Table 2

Overview of well characterised human primary immunodeficiencies (PIDs)

Representative diseasesEstimated prevalenceGenetic defect(s)
A. Predominantly antibody deficiencies (∼65% of all PIDs)
X-linked agammaglobulinaemia (Bruton’s disease)1:70000 to 1:400000BTK
Autosomal recessive agammaglobulinaemiaRareμ heavy chain (IGHM), Igα (CD79A), Igβ (CD79B), λ5 (IGLL1), BLNK
Common variable immunodeficiency (CVID)1:25000 to 1:50000∼15% of patients have variants in ICOS, TACI, BAFFR or Msh5
Selective IgA deficiency1:500 (majority are asymptomatic)Unknown
IgG subclass deficiencyUncertain as most patients are asymptomaticUnknown
B. Combined T and B cell (∼15% of all PIDs)
Severe combined immunodeficiency (SCID)1:65000IL2RG, JAK3, IL7RA, ADA, RAG1, RAG2 and several others
Omenn syndromeRareRAG1, RAG2, Artemis, IL7RA
C. Phagocytic defects (∼10% of all PIDs)
Chronic granulomatous disease1:200000CYBB, CYBA, NCF1, NCF2
Severe congenital neutropenia1:300000ELA2, GF11, G-CSF3R, HAX1 (Kostmann syndrome)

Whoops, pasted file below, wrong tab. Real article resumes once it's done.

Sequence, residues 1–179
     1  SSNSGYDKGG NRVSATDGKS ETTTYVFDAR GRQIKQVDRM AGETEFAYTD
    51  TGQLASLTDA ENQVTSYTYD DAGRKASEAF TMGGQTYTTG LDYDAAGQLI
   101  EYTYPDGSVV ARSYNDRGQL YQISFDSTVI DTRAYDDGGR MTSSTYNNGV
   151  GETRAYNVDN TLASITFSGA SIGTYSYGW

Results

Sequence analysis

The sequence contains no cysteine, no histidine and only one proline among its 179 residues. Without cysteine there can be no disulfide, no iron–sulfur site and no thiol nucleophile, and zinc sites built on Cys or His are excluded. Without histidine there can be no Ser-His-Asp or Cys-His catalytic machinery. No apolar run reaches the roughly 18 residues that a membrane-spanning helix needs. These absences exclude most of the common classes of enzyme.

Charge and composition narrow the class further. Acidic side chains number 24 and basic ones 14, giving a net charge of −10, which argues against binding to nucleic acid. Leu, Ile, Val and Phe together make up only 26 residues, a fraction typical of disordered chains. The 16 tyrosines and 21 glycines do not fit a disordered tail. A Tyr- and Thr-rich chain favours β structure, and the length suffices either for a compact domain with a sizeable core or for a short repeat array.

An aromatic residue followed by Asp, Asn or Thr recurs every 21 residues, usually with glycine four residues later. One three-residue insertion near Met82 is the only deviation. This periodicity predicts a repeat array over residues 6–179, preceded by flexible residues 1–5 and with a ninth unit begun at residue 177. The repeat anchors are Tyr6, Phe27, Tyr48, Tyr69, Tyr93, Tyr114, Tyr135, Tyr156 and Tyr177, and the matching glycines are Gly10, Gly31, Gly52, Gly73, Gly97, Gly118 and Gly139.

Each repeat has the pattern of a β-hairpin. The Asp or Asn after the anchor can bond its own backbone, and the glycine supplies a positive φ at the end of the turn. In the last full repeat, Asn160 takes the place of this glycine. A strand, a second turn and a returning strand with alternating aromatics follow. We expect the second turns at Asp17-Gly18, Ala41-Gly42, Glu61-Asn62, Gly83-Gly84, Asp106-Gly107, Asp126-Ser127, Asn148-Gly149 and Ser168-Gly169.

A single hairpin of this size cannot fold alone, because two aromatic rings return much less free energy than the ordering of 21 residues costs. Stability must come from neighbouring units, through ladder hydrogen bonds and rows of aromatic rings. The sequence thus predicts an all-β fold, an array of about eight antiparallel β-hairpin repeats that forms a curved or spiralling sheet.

Cyclic neutropenia1:100000 to 1:1000000ELA2
D. Other cellular immunodeficiencies (∼5–10% of all PIDs)
Wiskott–Aldrich syndrome1:100000 to 1:1000000WASP
DiGeorge syndrome (chromosome 22q11.2 deletion syndrome)1:4000Hemizygous deletions of chromosome 22q11.2
Hyper IgE syndrome1:100000STAT3 (in autosomal dominant form)
  • The table outlines well characterised human PIDs together with estimates of disease prevalence and associated genetic defects. Rather than being exhaustive, this table illustrates a variety of well characterised PIDs. Complete listing of all human PIDs can be found in a recent report by Geha et al.30 In the absence of universal screening for PIDs the prevalence estimates are based on the available literature, although these figures likely underestimate the true prevalence for a variety of reasons including lack of awareness of PIDs and death before recognition of the underlying PID.